Blog dedicated primarily to randomly selected news items; comments reflecting personal perceptions

Sunday, March 20, 2016

Belief in the Paranormal

"It was insane to me. I told him many times he was out of his mind. He was convinced that if he didn't pay her [psychic] for the work she was doing for him, bad things would happen to him."
Lauren Horton, New York

"It certainly has some parallels to the classic addictions -- drug addiction and also pathological gambling."
"Starting small, escalating, developing what we would consider a tolerance, and then feeling that loss of control, engaging in what feels like compulsive behaviour."
"They [psychics] can offer an almost magical way to restore a relationship. I think even more powerfully, connect with a person who was loved and . . . has now passed away . . . I think that that's one of the things that makes it so exploitative."
Dr. James MacKillop, addiction researcher, St.Joseph's Healthcare Hamilton, Ontario

"Science is about looking at questions and this is a big question for a lot of people If we start looking in further and trying to find tools, such as functional MRI, that you can actually scan the brain while psychics are doing readings, I think you're going to start to see this evidence start to emerge over time. So I think it's a fertile ground for scientists to really think about."
"It's a gifted minority [of psychics] that are out there."
"We kind of want to know if there's something more out there. I don't know that answer."
"I'm behind the scenes. I know everything that's going on [his mother doing psychic readings] and it was that moment when she's in the crowd of 2,000 people ... and she's talking to this one person. She said the name of the loved one that's going through this very specific situation and I'm going, 'Oh my God, how did  you know that?' And then I started paying attention."
Dr. Christian Smith, brain tumour researcher, Hospital for Sick Children, Toronto
Brampton psychic Geraldine Smith holding letters from grateful parents whose missing children she has 'traced'
Brampton psychic Geraldine Smith holding letters from grateful parents whose missing children she has 'traced'
August 11, 1978| Credit: Dick Loek

"There are people in this business who are not legitimate, and there are people, a lot of people like myself, who are legitimate that have gifts and varying degrees. Part of my service is providing empathy and support to people."
"I'm not in the business of false hope. I'm in the business of truth, whether you like it or not."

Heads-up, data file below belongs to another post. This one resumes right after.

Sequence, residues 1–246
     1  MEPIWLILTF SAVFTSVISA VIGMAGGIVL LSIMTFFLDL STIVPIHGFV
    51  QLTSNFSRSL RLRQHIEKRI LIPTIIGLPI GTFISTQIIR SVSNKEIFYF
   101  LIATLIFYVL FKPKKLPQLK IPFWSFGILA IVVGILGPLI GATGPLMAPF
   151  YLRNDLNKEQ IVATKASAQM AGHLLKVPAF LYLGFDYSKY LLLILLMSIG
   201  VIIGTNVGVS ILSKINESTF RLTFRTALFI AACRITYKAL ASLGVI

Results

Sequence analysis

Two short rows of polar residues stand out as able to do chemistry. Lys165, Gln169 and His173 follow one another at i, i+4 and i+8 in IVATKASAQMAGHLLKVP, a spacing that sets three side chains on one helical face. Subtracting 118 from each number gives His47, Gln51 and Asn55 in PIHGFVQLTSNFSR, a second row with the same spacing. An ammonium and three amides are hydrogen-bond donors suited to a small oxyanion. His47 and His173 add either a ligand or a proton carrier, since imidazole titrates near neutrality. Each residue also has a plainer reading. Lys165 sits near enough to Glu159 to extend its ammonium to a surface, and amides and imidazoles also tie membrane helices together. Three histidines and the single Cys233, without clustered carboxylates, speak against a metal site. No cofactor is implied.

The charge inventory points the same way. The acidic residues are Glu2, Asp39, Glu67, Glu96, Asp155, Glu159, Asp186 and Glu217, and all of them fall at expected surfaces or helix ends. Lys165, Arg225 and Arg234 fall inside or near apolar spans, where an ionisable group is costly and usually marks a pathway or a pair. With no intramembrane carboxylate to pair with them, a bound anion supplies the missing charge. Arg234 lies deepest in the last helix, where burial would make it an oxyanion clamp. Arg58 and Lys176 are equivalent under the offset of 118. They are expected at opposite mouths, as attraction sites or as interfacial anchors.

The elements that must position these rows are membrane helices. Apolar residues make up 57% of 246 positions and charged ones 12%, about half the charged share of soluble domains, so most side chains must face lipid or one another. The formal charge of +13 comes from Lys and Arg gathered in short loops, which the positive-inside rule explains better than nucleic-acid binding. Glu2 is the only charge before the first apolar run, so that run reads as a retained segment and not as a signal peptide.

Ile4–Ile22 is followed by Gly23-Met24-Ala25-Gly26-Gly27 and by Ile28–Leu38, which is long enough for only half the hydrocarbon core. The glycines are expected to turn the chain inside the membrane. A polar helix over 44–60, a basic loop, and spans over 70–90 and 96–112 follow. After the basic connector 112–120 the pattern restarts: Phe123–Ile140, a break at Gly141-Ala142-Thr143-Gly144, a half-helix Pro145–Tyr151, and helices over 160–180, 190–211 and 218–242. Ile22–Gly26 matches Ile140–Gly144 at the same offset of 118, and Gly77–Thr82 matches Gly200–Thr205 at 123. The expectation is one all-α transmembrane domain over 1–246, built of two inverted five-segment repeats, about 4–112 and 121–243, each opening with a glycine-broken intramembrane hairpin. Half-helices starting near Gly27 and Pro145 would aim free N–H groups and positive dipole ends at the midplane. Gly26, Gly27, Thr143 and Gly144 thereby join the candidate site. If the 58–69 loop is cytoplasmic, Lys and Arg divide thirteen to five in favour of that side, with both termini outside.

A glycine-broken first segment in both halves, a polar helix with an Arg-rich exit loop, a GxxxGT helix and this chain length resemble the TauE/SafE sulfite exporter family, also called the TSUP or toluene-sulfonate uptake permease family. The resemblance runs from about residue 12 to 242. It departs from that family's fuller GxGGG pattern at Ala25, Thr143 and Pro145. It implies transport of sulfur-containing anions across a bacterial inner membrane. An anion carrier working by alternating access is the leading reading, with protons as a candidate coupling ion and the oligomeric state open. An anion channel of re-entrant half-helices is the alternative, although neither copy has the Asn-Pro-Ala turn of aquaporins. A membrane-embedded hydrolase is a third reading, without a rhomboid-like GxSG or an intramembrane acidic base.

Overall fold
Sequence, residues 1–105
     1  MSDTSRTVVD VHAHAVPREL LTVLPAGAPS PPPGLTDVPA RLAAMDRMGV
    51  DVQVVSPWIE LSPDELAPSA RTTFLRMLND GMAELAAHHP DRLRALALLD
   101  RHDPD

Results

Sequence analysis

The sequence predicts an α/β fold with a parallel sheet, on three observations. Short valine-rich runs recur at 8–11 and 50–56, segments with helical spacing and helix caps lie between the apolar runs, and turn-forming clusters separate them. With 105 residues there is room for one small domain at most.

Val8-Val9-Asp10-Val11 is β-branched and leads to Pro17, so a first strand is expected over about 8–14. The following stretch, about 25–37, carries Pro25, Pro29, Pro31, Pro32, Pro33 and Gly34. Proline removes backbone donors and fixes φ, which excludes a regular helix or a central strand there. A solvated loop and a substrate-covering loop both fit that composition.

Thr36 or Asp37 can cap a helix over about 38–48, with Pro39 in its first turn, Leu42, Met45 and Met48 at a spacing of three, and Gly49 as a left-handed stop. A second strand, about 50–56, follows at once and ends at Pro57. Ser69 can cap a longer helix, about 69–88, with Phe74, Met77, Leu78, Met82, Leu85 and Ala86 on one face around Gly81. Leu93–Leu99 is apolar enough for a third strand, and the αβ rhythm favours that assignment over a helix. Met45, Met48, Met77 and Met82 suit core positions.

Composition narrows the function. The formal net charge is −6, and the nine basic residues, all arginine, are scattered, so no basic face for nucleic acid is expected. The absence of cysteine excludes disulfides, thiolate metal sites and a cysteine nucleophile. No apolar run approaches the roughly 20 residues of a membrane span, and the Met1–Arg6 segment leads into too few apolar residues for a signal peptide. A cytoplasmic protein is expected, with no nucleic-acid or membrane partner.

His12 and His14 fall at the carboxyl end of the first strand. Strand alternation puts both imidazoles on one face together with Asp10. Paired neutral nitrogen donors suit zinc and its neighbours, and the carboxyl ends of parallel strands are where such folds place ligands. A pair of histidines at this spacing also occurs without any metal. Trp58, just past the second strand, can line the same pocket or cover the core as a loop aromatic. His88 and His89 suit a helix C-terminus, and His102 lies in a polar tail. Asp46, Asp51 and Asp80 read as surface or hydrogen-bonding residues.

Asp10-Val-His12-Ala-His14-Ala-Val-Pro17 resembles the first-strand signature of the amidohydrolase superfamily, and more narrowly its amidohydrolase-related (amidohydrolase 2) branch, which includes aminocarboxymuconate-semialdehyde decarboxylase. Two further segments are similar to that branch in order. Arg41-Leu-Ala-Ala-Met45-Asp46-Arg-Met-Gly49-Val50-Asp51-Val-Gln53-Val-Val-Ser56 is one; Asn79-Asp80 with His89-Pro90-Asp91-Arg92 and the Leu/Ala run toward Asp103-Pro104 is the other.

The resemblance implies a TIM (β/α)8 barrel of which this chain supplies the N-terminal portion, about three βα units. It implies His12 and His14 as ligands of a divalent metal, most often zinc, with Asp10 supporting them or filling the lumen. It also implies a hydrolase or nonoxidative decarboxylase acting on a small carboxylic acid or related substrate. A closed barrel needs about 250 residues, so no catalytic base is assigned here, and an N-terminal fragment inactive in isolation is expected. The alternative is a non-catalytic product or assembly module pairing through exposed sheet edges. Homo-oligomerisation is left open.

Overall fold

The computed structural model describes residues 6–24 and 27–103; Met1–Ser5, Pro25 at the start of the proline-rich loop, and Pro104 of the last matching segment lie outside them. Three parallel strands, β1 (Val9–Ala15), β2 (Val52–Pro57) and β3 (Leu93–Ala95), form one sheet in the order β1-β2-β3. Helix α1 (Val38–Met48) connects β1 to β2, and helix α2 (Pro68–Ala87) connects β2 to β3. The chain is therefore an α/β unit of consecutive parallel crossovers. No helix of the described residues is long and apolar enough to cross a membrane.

Miki Corazza, psychic
 Dr. Smith seems an unlikely person as a medical practitioner, a scientist, a research specialist in brain tumours, to hold a fascination and an open mind about psychics, people who are felt to be gifted in some strange alcane manner that they are able to sense what most people cannot, and able as well to express information about specific people known only to those people, though that information has never been divulged to them by any human agency; it is as though that knowledge has been plucked from some deep inner spring of unaccountable knowing.

The mystery is there, and it is deep and puzzling, but Dr. Smith's own connection to the art, or profession, or whatever it can be classified as, including the paranormal is simple enough. His mother, Geraldine was a 1970s-1980s psychic of wide renown for her abilities. And he tells the story of his own mind being captured into the puzzle of that deep knowledge emanating from some unknown source, able to be plucked out of the ether by some select skills of rare dimension, as a boy of 14, in the audience as his mother performed her mysterious connection with that mysterious source.

U.S. President Ronald Reagan's wife Nancy was known to have trust and belief in psychic experiences. Canadian Prime Minister William Lyon Mackenzie King also believed in the power of psychics. And then there was a Jewish psychic in the 1930s in Berlin whose powers of prediction were sought by none other than Adolf Hitler. Erik Jan Hanussen  whose birth name was Hershmann Chaim Steinschneider was known as Hitler's Jewish clairvoyant. He was also known as "The Prophet of the Third Reich",  "The Nazi Rasputin", and "Hitler’s Nostradamus." He was murdered in 1933.

Of more recent history is the case of Niall Rice, when the 33-year-old Internet consultant was revealed to have paid out $718,000 to psychics. Niall Rice paid a psychic money for a 130-kilometre bridge of gold located in another dimension to serve as a portal for him toward reincarnation. That psychic, Priscilla Kelly Delmaro, 26 years of age was sentenced for grand larceny after admitting collecting over $550,000 from Rice. It was, after all, his to give of his own free will, and she accepted his absurd naivete.

As far as Dr. Smith is concerned, although the psychic industry is rife with charlatans who prey on susceptible people who will believe what they want to believe, there are others whose genuine gifts of psychic intuition exist and whose talents present as a challenge to scientific enquiry. He has interviewed and consulted many to satisfy his own curiosity as a scientist. He speaks of one psychic he consulted who he said had an accuracy rate of as high as 85 percent.

Ms. Corazza, who has practised her trade for 42 years, has had many people approach her with their sad stories of exploitation at the hands of  unscrupulous people posing as psychics. She counsels people herself, she does not instruct. The fraudulent fortune tellers who prey on people's trust disgust her. She advises people who approach her with their agonies of frustration over their experiences with psychics to scrupulously avoid any contact with them in future.

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